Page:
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L4D: FPS or RPG Part 2

A long delayed follow up to my first post on L4D and the mechanics of RPGs it uses and whether the idea of an AI director is applicable to other genres

After much delay, I get around to a follow up to my first blog post, on how the design and gameplay of Left 4 Dead mirrors classic pen-and-paper game design. After posting up my first blog post, I had a comment that basically said "So what?" What, after all, was the use of recognizing L4D and it's RPG like mechanics and it's story telling mechanics? And that's a good point. Once we recognize what L4D is doing, what can we do with it? More specifically, can we take the mechanic of an AI director and apply it to other genres or other styles of play.

As far as recognizing the story mechanics behind the weapons and items of L4D, I think it's simply boils down into recognizing that it's not necessarily broad choices of 'stuff' that create such story mechanics but a careful restriction of choice and conscious intent. L4D uses only one mechanic for that - weapon choice. Each weapon in the game does not merely serve as flavor and 'power' choice but also a role choice. As mentioned in a recent Gamasutra article, each weapon is functionally a broad class. But especially in the second game, each weapon is also further increased/reduced into a resource - if,  as I did, one studied the placement of the various weapons, one will note that L4D2 is both more generous and more stingy with it's weapons. The increased variety of weapons and the longer levels means more opportunities for weapons.

However, the increased variety of weapons and greater ability of the AI director to vary weapon drops also means that it's not a given that one will recieve Tier 3 weapons - it is as common to see Tier 2 or a mix of T 2 and T3 weapons. More so, it is possible to see several variants of a certain type of weapon - several shotguns or an SMG and some melee weapons. Equally significantly, the abundance of ammo piles is reduced to perhaps one or two per level - generally one at the start and one near the mid-point. Most often, players are reliant on weapon caches to either replenish a weapon's ammo (if it carries the same weapon as they are using) or forced to switch to a different weapon (if not). What this does is encourage weapon usage but also forces upon the players an interesting choice as well as increasing the atmosphere of the game.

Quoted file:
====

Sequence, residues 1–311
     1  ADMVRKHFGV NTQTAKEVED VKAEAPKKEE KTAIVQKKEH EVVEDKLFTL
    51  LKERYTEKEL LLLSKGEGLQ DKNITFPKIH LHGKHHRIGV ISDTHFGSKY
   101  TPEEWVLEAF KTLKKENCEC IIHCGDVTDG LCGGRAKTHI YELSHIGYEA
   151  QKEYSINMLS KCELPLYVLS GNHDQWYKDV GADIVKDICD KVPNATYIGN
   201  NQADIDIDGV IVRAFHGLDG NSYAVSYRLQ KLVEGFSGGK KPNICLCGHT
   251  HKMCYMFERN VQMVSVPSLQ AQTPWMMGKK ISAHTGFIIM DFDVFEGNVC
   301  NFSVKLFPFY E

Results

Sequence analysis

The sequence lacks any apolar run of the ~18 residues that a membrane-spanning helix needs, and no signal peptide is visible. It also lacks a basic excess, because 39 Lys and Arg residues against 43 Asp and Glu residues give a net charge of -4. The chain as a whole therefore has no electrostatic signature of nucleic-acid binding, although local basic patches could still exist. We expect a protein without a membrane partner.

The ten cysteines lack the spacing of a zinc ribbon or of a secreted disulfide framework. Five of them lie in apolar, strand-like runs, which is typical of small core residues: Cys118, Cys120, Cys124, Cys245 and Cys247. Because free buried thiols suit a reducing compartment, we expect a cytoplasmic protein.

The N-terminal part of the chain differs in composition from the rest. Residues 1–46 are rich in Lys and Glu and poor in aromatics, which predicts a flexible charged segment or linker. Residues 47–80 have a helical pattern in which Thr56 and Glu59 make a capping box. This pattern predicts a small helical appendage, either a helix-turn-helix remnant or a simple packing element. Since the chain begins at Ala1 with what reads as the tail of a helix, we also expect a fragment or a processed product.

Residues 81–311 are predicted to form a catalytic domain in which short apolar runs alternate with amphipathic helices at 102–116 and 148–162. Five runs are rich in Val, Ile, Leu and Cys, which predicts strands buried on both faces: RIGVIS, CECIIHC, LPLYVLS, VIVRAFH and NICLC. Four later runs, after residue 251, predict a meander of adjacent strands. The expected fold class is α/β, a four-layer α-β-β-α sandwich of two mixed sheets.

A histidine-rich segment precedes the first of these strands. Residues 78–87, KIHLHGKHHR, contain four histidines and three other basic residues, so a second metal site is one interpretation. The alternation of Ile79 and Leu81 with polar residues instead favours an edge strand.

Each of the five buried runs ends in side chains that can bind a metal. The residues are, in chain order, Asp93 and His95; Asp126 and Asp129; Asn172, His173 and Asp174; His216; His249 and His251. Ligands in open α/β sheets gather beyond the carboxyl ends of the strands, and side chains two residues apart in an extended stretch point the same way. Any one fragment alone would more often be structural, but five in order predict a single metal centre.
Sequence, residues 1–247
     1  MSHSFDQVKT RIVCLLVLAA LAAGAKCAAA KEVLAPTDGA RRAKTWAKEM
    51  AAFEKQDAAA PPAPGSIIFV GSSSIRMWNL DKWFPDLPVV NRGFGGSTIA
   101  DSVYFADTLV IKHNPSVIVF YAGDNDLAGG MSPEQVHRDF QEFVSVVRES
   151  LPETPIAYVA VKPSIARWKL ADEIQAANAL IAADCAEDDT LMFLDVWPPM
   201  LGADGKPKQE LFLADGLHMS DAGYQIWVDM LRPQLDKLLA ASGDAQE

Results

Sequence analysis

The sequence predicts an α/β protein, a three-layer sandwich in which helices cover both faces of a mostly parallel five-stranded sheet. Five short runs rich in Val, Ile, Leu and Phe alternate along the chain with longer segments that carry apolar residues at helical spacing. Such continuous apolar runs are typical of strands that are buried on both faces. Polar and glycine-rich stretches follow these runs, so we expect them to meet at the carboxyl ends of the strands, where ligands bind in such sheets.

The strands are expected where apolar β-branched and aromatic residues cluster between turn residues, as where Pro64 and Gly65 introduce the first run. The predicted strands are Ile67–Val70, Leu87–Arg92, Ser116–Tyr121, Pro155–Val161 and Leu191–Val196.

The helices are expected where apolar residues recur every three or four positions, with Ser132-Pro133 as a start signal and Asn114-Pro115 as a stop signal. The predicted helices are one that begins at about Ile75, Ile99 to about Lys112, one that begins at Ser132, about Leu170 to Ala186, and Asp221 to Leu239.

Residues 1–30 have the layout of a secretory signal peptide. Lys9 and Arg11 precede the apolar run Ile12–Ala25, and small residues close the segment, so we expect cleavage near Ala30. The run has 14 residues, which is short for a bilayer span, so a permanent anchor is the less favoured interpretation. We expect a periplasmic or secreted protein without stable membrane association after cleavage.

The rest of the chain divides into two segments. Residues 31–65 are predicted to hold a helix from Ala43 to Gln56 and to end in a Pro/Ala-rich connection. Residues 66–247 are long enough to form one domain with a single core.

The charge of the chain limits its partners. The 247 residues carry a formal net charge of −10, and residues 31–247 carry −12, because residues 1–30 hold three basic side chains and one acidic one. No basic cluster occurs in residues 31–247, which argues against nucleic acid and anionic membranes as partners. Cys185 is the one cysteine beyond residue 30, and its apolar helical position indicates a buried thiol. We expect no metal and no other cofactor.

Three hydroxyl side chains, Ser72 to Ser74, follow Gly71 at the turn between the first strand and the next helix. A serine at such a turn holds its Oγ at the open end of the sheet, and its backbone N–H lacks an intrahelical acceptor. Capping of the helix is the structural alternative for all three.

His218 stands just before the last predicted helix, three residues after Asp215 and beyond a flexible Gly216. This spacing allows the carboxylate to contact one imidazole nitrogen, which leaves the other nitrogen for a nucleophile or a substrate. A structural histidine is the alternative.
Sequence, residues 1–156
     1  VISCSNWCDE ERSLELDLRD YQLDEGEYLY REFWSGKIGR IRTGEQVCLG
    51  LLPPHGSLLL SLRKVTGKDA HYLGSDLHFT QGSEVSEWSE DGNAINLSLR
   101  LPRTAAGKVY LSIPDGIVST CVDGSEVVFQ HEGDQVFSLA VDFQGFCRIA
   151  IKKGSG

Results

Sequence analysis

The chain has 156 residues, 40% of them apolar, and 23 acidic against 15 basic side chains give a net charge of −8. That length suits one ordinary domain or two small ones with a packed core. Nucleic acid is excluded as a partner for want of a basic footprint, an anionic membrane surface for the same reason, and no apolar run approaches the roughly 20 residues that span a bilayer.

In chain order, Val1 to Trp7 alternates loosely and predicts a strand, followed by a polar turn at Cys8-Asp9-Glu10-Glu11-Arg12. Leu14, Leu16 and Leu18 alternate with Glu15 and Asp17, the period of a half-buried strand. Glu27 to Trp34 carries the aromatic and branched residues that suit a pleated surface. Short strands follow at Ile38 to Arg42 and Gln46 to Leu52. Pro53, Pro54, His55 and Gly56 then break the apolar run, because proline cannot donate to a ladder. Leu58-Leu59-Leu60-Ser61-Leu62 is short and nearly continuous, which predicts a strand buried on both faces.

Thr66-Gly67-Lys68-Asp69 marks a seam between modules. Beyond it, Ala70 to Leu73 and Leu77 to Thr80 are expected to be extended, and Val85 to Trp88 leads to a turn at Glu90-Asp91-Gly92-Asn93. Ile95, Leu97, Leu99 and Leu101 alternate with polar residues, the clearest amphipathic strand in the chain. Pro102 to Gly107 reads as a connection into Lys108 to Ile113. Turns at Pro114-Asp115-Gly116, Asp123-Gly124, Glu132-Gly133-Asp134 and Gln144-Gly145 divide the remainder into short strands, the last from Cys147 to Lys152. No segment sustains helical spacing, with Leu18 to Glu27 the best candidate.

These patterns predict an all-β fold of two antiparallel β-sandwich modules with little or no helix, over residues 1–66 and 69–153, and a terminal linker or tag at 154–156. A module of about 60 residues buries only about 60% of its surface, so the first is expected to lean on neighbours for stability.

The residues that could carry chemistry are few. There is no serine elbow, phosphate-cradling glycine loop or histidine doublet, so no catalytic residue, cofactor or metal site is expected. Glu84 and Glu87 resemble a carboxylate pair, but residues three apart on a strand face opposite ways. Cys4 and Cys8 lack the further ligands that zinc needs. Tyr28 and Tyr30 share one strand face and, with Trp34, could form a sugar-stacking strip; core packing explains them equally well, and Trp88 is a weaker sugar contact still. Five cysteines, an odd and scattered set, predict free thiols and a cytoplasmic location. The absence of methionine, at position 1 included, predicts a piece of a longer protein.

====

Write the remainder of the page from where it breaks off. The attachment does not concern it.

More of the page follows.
That choice is that of role and class. The unpredictable availablity of role/class forces players to either conserve ammo on a favored (or suitable) weapon or adapt with a less-optimal weapon. The atmospheric effect of this means that players are working with less resources; players seem much more consciously aware of their ammo and other resources in the second game. This paradoxical reduction of resources also further encourages the close knit gameplay of the game despite the daylight heavy visual aspect.

On to the second major story system, the AI director. As a refresher, let's identify the AI director again. It is a system that runs parallel to the difficulty of the game; as a game mechnic, it does not affect the intelligence of the NPCs, their health, their damage, or any sort of 'hard' numbers. Instead, it is a story system - it affects resources, pacing, and atmosphere. In Left 4 Dead 2, it gains the ability to affect path and world layout. It is then, an intermediary between the player story and the designer story - the world story, such as it is. The effect the game can generate the story of the world before the player arrived (or after) and allow the designer to create the important details without having to work on unimportant details.